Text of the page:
“Every day at Amazon is Day 1,” according to its CEO Jeff Bezos. He has reminded employees of this for decades -- Amazon will never stop being a startup.
He even went so far as to name a building on Amazon's campus Day 1, and when Bezos switched buildings the name followed him to his new building.
Bezos thinks this focus is necessary considering what happens on Day 2, once the startup times are over.
“Day 2 is stasis," he wrote in his 2016 Letter to Shareholders. "Followed by irrelevance. Followed by excruciating, painful decline. Followed by death. And that is why it is always Day 1."
Bezos isn’t saying that corporate death happens overnight, admitting the decline could take decades. But as soon as you stop focusing on Day 1, Day 2 becomes inevitable.
One of the tools he employs to stave off Day 2 is high-velocity decision making, expressed and executed many ways, all of which are meant to result in better, faster decisions.
Six-Page Narrative Memos. No PowerPoint.
A 2012 Fortune profile of Bezos revealed that senior executives start meetings at Amazon in silence, with everyone reading six-page narrative memos about the topic they are gathered to discuss, for up to 30 minutes.
“For new employees, it’s a strange initial experience,” Bezos told Fortune. “They’re just not accustomed to sitting silently in a room and doing study hall with a bunch of executives.”
By making the reading of the memo part of the meeting, everyone starts on the same page, with the same information.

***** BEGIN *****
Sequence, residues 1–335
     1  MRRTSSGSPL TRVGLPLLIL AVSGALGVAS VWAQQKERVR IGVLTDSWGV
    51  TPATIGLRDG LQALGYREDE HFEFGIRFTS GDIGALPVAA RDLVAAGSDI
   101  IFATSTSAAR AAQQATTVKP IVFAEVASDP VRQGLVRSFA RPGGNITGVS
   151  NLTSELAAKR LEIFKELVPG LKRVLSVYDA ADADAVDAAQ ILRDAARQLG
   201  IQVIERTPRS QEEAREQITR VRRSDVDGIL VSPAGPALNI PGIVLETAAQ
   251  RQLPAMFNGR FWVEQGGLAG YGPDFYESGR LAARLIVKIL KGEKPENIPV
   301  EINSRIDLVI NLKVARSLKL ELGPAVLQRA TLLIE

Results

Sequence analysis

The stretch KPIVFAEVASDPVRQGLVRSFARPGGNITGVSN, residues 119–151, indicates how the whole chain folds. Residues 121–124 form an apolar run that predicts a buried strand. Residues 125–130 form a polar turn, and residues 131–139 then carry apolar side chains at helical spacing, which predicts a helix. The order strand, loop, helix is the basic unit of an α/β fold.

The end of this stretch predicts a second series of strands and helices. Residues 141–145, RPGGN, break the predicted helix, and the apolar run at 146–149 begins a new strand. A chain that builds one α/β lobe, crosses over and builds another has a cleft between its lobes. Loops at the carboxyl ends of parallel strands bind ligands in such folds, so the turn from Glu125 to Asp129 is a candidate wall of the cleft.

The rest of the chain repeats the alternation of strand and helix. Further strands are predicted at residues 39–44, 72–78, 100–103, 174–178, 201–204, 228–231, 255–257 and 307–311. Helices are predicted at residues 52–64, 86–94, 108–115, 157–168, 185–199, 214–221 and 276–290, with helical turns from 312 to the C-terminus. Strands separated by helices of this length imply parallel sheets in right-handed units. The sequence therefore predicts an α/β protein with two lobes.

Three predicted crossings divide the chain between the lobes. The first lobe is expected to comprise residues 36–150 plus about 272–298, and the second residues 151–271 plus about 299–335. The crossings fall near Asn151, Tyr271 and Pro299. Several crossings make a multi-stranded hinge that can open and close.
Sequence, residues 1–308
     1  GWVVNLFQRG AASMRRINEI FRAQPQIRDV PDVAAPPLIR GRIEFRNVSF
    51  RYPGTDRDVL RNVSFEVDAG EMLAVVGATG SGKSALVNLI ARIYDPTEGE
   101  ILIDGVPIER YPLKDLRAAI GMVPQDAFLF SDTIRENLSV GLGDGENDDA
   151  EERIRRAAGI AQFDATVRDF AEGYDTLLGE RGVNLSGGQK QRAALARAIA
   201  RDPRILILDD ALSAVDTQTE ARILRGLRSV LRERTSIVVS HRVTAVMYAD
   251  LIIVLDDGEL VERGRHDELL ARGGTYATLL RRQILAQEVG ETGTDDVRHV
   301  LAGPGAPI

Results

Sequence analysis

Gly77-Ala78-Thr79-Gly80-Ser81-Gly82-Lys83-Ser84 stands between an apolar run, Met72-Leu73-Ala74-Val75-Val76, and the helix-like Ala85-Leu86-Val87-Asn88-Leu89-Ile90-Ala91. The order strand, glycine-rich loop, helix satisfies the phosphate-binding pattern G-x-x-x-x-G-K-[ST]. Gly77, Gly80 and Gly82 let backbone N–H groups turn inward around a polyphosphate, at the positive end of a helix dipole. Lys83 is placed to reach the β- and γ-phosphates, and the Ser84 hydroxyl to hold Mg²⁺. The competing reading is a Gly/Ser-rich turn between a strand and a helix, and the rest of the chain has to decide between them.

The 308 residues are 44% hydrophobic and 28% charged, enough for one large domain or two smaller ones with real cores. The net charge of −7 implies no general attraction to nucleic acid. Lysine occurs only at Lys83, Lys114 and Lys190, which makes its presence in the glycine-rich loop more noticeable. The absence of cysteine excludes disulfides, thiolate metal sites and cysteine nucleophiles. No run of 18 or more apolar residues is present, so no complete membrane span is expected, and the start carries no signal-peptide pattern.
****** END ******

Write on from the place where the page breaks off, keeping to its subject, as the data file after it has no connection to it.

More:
But the more important result is getting people within the company accustomed to framing their decision-making in narrative writing, rather than bullet points.
“Full sentences are harder to write,” Bezos told Fortune. “They have verbs. The paragraphs have topic sentences. There is no way to write a six-page, narratively structured memo and not have clear thinking.”
In an internal email to his senior team in 2004, Bezos explained why PowerPoint presentations were no longer allowed and would be replaced with narrative memos.
"The narrative structure of a good memo forces better thought and better understanding of what's more important than what, and how, things are related," Bezos wrote. "PowerPoint-style presentations somehow give permission to gloss over ideas, flatten out any sense of relative importance, and ignore the interconnectedness of ideas."
He made sure people knew it was about the way of communicating information, not about the application itself, explaining, "If someone builds a list of bullet points in Word, that would be just as bad as PowerPoint."
These memos are not easy to write, and they aren’t written alone. “The great memos are written and re-written, shared with colleagues who are asked to improve the work, set aside for a couple of days, and then edited again with a fresh mind,” he described in his 2017 letter to shareholders, “They simply can’t be done in a day or two.”
Bezos believes this way of working enforces important discipline that saves time in the long run.
"Executives are very good at interrupting," Bezos told Charlie Rose in a 2012 interview. "The person will get halfway into their presentation and then some executive will interrupt the conversation and that question … probably was going to be answered five slides in. So, if you read the whole six-page memo, it often happens to me, I get to page two and I have a question. I jot it in the margin and, by the time I get to page four, the question has been answered so I can just cross it off. It saves a lot of time.”
Most Decisions Are Easily Reversible
Bezos also said it is important to classify decisions into two types since not all decisions have equal consequences.
Type 1 decisions can't be reversed and as such require great care. Type 2 decisions can be easily reversed.